That's the argument put forth by Robin Wilson in the LA Times, who says we need a "careful crafting of robust religious protections" in order to "legalize gay marriage without infringing on religious liberty."

In a stance reminiscent of those who would allow pharmacists to refuse to dispense birth control, Wilson maintains that not only clergymen and state employees but also "wedding advisors, photographers, bakers, caterers and other service providers" deserve exemption from involvement in same-sex weddings. They need explicit exemption, she says, because otherwise anti-discrimination laws may penalize them if they refuse β€” she cites county recorders in Iowa, who have been threatened with dismissal if they fail to issue licenses to gay couples, and a husband-and-wife team of wedding photographs in New Mexico who were fined $6000 for failing to photograph a gay ceremony.

Wilson writes that we should protect those who object to same-sex marriage from having to choose "between conscience and livelihood." She says,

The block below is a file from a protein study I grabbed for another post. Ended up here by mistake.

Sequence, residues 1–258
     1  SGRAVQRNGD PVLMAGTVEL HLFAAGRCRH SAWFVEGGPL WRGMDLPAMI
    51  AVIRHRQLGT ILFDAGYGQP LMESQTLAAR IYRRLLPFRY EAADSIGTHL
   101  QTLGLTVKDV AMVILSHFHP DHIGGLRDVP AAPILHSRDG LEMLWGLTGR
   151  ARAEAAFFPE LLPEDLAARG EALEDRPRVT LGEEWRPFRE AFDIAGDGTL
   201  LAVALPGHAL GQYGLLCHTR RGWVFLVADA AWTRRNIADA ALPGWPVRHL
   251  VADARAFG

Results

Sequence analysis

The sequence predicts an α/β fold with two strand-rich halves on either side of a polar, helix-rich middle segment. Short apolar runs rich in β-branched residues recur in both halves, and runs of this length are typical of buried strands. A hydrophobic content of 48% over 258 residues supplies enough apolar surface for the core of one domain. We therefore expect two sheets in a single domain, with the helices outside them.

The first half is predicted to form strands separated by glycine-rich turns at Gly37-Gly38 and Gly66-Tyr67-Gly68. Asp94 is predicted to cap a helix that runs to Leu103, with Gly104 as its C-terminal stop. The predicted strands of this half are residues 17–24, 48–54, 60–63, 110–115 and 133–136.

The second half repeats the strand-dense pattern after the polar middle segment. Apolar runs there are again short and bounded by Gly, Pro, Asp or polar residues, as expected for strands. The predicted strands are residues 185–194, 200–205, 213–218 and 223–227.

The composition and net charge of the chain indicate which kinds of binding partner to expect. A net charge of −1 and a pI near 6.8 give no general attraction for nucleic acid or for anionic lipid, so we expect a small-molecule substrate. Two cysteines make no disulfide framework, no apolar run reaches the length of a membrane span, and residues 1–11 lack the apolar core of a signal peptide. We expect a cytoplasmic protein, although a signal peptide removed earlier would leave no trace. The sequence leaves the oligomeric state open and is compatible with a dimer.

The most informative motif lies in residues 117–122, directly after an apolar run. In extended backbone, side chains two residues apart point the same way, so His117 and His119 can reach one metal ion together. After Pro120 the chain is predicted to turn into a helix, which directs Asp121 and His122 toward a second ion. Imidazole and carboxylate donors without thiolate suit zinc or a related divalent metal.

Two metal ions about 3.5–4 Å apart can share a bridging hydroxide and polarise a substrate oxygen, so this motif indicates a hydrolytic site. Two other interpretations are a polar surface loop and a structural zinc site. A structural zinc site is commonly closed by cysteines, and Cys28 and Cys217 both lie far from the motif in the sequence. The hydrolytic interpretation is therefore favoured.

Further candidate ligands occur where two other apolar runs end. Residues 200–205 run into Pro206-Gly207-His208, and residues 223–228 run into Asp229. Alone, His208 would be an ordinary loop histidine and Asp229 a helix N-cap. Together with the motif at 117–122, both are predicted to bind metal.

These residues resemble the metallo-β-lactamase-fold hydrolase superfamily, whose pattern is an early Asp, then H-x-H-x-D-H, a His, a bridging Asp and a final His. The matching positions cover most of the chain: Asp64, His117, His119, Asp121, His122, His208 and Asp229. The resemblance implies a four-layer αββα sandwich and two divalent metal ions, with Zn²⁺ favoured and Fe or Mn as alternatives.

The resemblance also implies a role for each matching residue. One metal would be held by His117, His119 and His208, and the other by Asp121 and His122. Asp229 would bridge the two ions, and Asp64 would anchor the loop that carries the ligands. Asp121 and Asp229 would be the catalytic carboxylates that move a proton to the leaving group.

Conscience protections are a thoroughly American idea. Since Colonial times, legislatures have exempted religious minorities from laws inconsistent with their faith. Such exemptions allow Americans with radically different views on moral questions to live in peace and equality in the same society.

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However, America has also deemed certain "views on moral questions" unacceptable. Though some once considered interracial marriages immoral β€” and some still do β€” county recorders can't refuse to license them. The question is whether fostering a diversity of viewpoints on gay marriage is worth allowing people to discriminate against gays. And since people can choose their jobs, but not their sexual orientations, it seems more reasonable to ask "wedding advisors, photographers, bakers, caterers and other service providers" β€” and not gays β€” to yield.

The flip-side of same-sex marriage [LA Times]